It begins as it ends, with killing: First, Martha McCurry Kirkland (Clare Bowen) shoots her father in cold blood, then Wade (Barlow Jacobs), en route to the McCurry homestead for the first time since he left for the war, kills the Ainsworth brothers (Adam O'Byrne and Travis Hammer), whose persistent questioning eventually reveals that Wade chose to betray his Southern roots and fight for the Union. In all, the stage is set for an awkward homecoming: Wade doesn't even want to read the letter from his estranged father that greets him when he runs across the local sheriff. But that's the thing about blood, the sheriff counsels: It's the tie that binds, whether you like it or not.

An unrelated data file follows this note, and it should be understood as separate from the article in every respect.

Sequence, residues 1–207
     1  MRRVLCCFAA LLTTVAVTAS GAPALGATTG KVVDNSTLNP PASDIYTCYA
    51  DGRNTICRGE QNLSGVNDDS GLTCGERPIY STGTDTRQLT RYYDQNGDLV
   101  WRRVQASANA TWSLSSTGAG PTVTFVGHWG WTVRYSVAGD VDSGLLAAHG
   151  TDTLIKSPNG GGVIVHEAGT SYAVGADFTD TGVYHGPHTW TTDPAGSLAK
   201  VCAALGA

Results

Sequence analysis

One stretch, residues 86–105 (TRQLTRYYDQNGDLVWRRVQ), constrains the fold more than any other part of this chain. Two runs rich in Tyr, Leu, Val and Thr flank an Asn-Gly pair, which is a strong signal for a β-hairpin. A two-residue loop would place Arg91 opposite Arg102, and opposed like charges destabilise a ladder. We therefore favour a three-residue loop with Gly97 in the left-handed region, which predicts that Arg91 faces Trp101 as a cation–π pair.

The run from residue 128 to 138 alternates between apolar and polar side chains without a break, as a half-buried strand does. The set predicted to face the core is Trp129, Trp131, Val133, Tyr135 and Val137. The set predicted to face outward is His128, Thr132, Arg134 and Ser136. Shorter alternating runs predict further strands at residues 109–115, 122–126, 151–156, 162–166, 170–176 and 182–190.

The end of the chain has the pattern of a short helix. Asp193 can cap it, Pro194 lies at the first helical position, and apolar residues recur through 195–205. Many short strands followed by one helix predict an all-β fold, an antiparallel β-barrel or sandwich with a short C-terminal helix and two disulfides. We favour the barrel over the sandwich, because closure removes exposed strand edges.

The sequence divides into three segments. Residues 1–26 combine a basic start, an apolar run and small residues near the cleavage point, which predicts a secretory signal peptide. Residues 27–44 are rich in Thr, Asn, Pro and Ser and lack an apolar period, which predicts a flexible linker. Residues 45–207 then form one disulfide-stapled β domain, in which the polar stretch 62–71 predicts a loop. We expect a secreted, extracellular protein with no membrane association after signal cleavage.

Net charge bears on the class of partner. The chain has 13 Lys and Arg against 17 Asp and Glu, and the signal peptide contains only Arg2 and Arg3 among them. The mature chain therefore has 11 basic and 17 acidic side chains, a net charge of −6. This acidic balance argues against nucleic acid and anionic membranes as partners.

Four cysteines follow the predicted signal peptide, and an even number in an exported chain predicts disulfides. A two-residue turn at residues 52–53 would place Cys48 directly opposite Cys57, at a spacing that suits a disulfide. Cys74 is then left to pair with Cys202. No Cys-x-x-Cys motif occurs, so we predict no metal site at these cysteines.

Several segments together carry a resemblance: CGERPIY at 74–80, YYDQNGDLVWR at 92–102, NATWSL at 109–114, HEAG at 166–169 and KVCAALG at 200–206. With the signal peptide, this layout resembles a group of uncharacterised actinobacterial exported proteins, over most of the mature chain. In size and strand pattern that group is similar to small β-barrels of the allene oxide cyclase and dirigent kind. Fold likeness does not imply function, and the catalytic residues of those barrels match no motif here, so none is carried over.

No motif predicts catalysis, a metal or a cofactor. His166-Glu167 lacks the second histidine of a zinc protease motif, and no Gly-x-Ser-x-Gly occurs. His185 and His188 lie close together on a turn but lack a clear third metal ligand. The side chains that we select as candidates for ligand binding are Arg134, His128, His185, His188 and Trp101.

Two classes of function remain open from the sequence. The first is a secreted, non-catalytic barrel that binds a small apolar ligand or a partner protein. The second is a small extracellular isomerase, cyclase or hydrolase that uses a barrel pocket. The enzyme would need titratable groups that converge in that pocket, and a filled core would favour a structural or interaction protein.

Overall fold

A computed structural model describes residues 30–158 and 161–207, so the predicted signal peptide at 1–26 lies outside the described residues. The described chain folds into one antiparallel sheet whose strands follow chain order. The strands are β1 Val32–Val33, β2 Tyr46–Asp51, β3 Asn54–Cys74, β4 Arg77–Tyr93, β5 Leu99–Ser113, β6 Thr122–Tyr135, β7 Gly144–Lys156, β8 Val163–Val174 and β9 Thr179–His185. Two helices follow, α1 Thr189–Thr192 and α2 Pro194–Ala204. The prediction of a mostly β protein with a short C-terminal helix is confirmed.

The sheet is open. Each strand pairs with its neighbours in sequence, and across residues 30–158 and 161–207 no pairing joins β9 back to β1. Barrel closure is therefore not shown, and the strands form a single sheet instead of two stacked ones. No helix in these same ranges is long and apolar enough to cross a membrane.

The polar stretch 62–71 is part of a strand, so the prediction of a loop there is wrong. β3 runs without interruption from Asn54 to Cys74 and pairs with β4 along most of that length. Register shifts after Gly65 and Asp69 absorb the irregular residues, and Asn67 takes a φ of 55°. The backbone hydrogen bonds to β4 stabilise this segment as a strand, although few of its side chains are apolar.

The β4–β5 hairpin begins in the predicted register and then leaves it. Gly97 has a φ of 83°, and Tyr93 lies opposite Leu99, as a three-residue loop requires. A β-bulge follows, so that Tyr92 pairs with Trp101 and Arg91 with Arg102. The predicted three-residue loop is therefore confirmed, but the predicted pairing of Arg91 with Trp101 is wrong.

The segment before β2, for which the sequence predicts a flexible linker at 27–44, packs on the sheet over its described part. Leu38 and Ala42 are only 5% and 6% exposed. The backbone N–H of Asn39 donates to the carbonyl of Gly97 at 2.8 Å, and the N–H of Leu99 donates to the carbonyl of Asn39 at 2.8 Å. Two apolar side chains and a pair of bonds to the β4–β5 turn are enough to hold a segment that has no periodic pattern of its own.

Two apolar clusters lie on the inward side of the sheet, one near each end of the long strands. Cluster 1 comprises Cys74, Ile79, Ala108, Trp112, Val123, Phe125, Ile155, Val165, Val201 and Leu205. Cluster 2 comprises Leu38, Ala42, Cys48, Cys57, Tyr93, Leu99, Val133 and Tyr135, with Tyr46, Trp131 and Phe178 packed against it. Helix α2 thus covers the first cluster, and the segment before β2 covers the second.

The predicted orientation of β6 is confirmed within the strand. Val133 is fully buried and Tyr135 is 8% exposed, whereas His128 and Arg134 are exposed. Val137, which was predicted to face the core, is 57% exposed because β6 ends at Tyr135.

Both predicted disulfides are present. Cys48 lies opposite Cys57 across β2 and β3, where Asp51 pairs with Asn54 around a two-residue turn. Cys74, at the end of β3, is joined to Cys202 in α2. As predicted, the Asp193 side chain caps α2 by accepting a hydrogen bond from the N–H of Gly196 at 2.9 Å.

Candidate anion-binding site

So Wade continues home, to a greeting pitched somewhere between shock and dismay: Martha and her solid, if high-strung, husband Heck (David Call) both thought he was killed in the war, like the rest of his brothers. And Pa is dead, says Martha, without stating the circumstances. And so begins a long, slow circle around the unspoken truths that could have been written by Ibsen, if every declaration weren't punctuated by fussing chickens, foraging goats, snorting horses and wind rustling through the sad patch of wheat planted next to the low, cramped McCurry house.